Barry Cowan hailed Novak Djokovic's valour after the Serb brought Rafa Nadal's dominance at the Monte Carlo Masters to an end.
Nadal had won the tournament eight consecutive times since 2005 and swept aside Djokovic in the 2012 final 6-3 6-1, but he received a straight sets humbling of his own on Sunday as his 46-match unbeaten streak in Monaco came a to a halt.
Djokovic raced into a 5-0 lead in the first set before eventually seizing it 6-2, and then went on to land his maiden Monte Carlo crown by winning a tiebreak in the second after Nadal had served for the set at 6-5.
The world number one has now plucked eight of the nine Masters 1000 series events - only the Cincinnati crown eludes him - and Sky Sports pundit Cowan had high praise for the way Djokovic dug deep to land victory.
"Novak has always felt like he has the winning shots against Rafa - he can hit forehands and backhands down the line - but he has great courage now," he said.
"It seemed like he was on an emotional downer in the second set when Rafa got ahead and it looked like he was struggling physically, too - but he always has a little bit more in the tank.
"When Rafa broke and served for the second set I don't think too many people thought he could come back, but he broke to love and carried the momentum through.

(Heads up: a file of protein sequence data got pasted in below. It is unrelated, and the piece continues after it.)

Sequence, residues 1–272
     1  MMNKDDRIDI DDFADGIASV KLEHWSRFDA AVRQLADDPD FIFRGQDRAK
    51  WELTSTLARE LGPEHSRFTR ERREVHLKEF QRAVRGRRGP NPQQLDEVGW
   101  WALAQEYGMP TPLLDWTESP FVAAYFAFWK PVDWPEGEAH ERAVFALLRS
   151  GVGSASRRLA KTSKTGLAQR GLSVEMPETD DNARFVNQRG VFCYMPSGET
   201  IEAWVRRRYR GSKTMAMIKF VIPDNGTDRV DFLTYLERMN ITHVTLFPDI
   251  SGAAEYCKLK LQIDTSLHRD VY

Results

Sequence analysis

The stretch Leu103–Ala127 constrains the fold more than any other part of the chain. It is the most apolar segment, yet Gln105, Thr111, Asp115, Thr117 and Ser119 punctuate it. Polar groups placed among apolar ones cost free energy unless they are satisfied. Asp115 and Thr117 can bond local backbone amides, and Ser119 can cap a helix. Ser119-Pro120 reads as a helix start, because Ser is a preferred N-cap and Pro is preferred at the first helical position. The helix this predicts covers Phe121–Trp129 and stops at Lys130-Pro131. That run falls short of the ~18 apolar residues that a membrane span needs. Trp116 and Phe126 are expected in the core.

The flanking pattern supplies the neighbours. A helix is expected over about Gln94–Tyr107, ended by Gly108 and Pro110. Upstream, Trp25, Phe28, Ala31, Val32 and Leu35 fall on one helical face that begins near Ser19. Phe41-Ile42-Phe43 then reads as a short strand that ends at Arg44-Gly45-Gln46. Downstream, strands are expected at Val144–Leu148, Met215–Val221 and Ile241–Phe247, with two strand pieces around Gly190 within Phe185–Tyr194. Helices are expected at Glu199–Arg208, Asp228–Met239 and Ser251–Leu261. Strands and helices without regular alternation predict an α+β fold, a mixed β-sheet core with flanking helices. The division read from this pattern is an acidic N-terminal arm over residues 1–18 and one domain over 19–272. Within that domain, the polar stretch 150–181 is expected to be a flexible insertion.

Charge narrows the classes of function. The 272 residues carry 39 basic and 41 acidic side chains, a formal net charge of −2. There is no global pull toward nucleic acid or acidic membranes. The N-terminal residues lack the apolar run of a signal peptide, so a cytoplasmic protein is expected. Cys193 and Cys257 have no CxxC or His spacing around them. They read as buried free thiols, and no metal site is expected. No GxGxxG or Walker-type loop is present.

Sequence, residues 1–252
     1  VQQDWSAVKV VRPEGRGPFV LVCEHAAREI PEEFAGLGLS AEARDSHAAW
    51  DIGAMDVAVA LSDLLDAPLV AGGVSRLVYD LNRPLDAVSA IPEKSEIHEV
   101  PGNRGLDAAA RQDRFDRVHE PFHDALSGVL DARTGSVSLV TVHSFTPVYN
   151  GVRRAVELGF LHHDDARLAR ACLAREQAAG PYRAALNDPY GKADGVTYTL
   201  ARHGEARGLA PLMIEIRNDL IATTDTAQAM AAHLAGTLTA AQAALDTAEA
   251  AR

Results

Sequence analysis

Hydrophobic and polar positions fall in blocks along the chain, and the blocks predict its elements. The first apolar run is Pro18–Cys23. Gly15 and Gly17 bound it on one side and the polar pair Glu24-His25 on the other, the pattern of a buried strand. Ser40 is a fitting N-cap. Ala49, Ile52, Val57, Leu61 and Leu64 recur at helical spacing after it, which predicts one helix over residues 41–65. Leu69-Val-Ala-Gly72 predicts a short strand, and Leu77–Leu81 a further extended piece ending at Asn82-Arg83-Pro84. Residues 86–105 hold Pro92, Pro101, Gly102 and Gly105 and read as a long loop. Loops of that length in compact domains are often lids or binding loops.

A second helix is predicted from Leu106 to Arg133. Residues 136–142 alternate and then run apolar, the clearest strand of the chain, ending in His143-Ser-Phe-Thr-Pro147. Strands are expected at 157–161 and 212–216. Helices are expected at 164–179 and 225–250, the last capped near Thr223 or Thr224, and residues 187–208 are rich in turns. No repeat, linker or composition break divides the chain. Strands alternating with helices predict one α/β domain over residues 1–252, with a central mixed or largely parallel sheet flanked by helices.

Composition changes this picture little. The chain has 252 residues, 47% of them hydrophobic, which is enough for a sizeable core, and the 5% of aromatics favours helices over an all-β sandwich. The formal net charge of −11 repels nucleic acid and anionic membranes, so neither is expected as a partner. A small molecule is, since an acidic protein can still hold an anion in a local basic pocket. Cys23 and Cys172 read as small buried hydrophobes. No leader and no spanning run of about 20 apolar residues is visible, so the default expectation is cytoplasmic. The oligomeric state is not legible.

"Novak was resilient throughout this tournament and he is only going to get better - but Rafa won't be pressing the panic button just yet as he has tournaments to play in the lead up to the French Open.
"This is the result the neutrals wanted as if Rafa had won people would have said he will dominate up to and at Roland Garros, but now it is game on and the next time Novak and Rafa meet we won't be sure who will win."
Former British number one Greg Rusedski, meanwhile, believes the way Djokovic was able to control Nadal's venomous shots in Monaco bodes well in his pursuit of the French Open title, the only Grand Slam the Serb has been unable to secure.
But the Canadian-born Brit, who reached the fourth round at Roland Garros in 1999, does not see too many other players with the capability to thwart Nadal on the red dirt of Paris.
"It was a sensational match from Djokovic," said Rusedski. "At the start he couldn't have played much better and when Nadal got his teeth into it and was twice up a break in the second set, Djokovic showed us why he is world number one.
"He lifted his game and stayed with Rafa, something I'm not sure Roger [Federer] or Andy [Murray] believe they can do on a clay court, point after point and set after set.
"Novak is able to choose when he attacks and when he doesn't and is able to soak up Nadal's power - but we need to see him do that over five sets to decide who the fittest player on the ATP Tour is.
"Either way, it is hard not to see one of Novak and Rafa being the 'King of Clay' this year."